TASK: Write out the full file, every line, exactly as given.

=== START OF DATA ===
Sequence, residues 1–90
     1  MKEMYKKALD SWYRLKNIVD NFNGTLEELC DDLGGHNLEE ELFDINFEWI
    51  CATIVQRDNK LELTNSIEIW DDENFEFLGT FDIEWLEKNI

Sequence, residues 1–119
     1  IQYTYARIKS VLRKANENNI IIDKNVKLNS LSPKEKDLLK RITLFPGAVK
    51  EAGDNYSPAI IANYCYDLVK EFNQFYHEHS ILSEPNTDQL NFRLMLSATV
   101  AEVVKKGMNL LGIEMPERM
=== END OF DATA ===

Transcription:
Sequence, residues 1–90
     1  MKEMYKKALD SWYRLKNIVD NFNGTLEELC DDLGGHNLEE ELFDINFEWI
    51  CATIVQRDNK LELTNSIEIW DDENFEFLGT FDIEWLEKNI

Sequence, residues 1–119
     1  IQYTYARIKS VLRKANENNI IIDKNVKLNS LSPKEKDLLK RITLFPGAVK
    51  EAGDNYSPAI IANYCYDLVK EFNQFYHEHS ILSEPNTDQL NFRLMLSATV
   101  AEVVKKGMNL LGIEMPERM